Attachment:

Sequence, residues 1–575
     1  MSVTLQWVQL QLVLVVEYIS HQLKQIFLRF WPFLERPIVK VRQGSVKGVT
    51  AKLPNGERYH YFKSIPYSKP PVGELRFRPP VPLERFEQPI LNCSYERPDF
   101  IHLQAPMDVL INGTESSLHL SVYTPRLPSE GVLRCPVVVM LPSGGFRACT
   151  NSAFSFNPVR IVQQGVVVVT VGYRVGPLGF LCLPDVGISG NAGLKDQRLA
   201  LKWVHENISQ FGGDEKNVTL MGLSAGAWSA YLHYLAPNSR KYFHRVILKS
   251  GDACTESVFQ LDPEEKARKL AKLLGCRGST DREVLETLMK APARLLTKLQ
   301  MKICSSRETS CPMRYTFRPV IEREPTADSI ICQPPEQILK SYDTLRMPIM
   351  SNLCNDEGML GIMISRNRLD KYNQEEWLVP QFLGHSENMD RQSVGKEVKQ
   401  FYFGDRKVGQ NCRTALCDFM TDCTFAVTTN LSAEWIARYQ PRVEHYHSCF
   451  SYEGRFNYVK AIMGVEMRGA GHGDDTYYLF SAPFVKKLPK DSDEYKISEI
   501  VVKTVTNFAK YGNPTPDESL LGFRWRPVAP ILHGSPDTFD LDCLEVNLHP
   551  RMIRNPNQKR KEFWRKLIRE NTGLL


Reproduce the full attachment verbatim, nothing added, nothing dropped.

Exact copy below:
Sequence, residues 1–575
     1  MSVTLQWVQL QLVLVVEYIS HQLKQIFLRF WPFLERPIVK VRQGSVKGVT
    51  AKLPNGERYH YFKSIPYSKP PVGELRFRPP VPLERFEQPI LNCSYERPDF
   101  IHLQAPMDVL INGTESSLHL SVYTPRLPSE GVLRCPVVVM LPSGGFRACT
   151  NSAFSFNPVR IVQQGVVVVT VGYRVGPLGF LCLPDVGISG NAGLKDQRLA
   201  LKWVHENISQ FGGDEKNVTL MGLSAGAWSA YLHYLAPNSR KYFHRVILKS
   251  GDACTESVFQ LDPEEKARKL AKLLGCRGST DREVLETLMK APARLLTKLQ
   301  MKICSSRETS CPMRYTFRPV IEREPTADSI ICQPPEQILK SYDTLRMPIM
   351  SNLCNDEGML GIMISRNRLD KYNQEEWLVP QFLGHSENMD RQSVGKEVKQ
   401  FYFGDRKVGQ NCRTALCDFM TDCTFAVTTN LSAEWIARYQ PRVEHYHSCF
   451  SYEGRFNYVK AIMGVEMRGA GHGDDTYYLF SAPFVKKLPK DSDEYKISEI
   501  VVKTVTNFAK YGNPTPDESL LGFRWRPVAP ILHGSPDTFD LDCLEVNLHP
   551  RMIRNPNQKR KEFWRKLIRE NTGLL